I was like a local celebrity. Wherever I went people would stop me and tell me how much they enjoyed the film. People were buying copies and sending them to friends all over the country. Many stories were of people who saw their grandparents or other relatives for the very first time in the film. I was getting calls from as far away as Washington, New York City, Fort Myers, Florida, and Oakland, California. All of this was going much faster than I could react to, and I still had not completely finished the project! Although keeping up with the potential demand bothered me, I had a much bigger fish to fry. You may recall earlier in this tale I mentioned that I had put up a temporary music score of classic oldies from the 50's. While these songs worked wonderfully to enforce the time period of the film and the accompaniment got rave local reviews, once things "got out of hand" I panicked because as a musician I am very aware of music copyright laws. While you might get away with 10 or 20 DVD's on a local level, it would only be a matter of time before some irate music publisher would demand his rightfully fair percentage for using his client's hit song. Almost immediately following the radio interview I took matters in my own hands concerning the music I used. I knew I could not afford to make agreements with every music publisher represented on the soundtrack - some 20 classic hits of the fifties - especially considering this was almost a "freebie" project (I spent several months on this knowing full well I would never reclaim my time spent) for the paltry sum of roughly $5.00 profit on the sale of each DVD, I knew I had to get that temporary music soundtrack off the master.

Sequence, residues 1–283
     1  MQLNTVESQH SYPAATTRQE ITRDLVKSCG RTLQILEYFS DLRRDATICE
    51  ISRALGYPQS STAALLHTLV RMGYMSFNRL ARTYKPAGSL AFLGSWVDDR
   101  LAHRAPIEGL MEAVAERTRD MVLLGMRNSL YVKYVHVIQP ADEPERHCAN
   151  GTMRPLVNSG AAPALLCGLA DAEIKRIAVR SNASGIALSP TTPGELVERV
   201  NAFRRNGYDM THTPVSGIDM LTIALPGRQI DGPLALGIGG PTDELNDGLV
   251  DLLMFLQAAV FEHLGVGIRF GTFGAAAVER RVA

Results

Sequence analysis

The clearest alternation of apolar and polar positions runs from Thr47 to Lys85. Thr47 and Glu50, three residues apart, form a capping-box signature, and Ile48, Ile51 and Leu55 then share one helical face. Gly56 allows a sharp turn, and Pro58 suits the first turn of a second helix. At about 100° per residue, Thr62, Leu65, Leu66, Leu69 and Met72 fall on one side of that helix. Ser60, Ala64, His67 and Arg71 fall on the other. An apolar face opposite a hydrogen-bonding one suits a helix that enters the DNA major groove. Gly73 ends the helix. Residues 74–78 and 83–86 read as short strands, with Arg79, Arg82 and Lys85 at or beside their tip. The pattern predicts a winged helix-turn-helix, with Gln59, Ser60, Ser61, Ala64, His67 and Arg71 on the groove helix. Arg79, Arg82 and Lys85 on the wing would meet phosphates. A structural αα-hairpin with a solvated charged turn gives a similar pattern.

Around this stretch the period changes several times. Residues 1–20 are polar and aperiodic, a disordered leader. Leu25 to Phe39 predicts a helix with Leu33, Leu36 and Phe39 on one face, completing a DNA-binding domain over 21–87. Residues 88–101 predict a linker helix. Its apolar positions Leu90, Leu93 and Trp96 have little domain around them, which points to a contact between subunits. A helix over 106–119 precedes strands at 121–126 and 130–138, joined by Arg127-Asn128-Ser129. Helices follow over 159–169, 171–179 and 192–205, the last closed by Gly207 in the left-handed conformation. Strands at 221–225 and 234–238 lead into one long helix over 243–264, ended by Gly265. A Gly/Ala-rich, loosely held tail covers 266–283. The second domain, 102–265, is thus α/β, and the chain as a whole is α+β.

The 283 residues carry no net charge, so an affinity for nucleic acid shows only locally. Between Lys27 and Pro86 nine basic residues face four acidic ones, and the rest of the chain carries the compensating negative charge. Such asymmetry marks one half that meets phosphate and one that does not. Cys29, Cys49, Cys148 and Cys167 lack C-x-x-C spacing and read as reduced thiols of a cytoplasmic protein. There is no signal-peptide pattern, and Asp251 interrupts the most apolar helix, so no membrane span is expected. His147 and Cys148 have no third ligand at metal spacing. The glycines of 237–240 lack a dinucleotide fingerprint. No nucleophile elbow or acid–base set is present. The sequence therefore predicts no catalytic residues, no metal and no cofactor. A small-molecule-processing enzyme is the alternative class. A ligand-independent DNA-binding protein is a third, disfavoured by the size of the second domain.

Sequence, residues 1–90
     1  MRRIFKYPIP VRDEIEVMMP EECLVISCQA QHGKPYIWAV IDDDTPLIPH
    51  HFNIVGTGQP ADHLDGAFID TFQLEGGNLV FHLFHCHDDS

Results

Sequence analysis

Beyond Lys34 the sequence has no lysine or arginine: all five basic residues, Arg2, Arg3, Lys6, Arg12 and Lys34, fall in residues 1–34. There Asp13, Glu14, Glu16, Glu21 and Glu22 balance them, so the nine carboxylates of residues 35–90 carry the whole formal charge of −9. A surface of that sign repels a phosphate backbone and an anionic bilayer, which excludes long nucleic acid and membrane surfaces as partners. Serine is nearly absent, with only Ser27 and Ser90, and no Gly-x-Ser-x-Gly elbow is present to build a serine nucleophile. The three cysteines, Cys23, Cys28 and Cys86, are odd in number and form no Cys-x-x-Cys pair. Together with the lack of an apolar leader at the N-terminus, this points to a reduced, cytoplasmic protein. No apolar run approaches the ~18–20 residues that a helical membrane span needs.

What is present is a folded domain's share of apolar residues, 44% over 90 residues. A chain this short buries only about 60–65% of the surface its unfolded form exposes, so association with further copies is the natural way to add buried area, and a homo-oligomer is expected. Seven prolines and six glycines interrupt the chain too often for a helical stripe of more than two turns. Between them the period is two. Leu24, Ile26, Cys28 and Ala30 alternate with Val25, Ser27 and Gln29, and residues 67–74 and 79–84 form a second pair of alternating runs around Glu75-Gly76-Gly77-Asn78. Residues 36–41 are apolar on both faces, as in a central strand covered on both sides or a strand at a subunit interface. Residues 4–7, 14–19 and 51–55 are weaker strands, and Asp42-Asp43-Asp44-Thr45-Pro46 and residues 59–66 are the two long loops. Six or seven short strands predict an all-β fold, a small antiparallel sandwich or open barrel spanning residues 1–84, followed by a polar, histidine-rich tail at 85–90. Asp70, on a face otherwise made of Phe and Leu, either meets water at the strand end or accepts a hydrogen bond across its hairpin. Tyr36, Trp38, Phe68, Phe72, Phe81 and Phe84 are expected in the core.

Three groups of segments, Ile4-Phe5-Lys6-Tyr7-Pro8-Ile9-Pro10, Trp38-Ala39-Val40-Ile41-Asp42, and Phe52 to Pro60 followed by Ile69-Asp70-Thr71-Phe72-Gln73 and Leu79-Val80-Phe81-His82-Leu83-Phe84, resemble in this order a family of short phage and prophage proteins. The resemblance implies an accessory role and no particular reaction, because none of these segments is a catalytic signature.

The very first thing I did was replace the soundtrack with audio from my own library that I recorded myself. I had recorded my mother years ago singing and playing piano on tape, and selected several song titles from the era. I also had recorded an audition tape for a friend back in 1962. His ukulele playing was incredible and he made the tape to audition for the Arthur Godfrey Radio Show. He never got "the call" but I kept the masters and the ukulele made a great soundtrack for the film. I thought I was all set and prepared to start production on the DVD again. However, in a last minute of clarity I decide to call the experts in these matters, the Harry Fox Agency, who oversees most of the music copyright issues in the US. It was pointed out to me that even though it was my own mother performing the songs and I had recorded it myself, the SONGS she was singing were covers and I would still have to track down the authors or publishing owners of the song titles and negotiate agreements with each and every one of them. Well! This would be EVEN MORE DIFFICULT as these songs are so old that many of them would be public domain and it would all be like finding the needle(s) in the haystack.

As if that isn't enough, all the names being furnished by this time were starting to clutter up the great vintage footage of the town in 1955. In some instances there were so many names on the screen at one time that you literally could not see the forest for the trees!


What to do!!!!??

Find out in the next installment!